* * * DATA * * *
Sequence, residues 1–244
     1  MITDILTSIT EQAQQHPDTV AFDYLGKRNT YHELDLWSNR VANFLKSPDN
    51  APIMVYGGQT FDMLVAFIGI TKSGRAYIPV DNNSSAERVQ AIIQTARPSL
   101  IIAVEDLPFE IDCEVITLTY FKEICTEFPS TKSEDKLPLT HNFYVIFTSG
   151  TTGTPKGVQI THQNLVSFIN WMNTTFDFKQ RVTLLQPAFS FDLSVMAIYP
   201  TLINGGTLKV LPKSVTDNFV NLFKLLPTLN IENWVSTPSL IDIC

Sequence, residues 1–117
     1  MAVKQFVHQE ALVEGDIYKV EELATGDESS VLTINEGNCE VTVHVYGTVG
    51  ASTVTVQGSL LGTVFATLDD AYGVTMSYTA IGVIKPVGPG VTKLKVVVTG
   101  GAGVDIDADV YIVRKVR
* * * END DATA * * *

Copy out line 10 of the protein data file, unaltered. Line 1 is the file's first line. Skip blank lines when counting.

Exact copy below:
   101  GAGVDIDADV YIVRKVR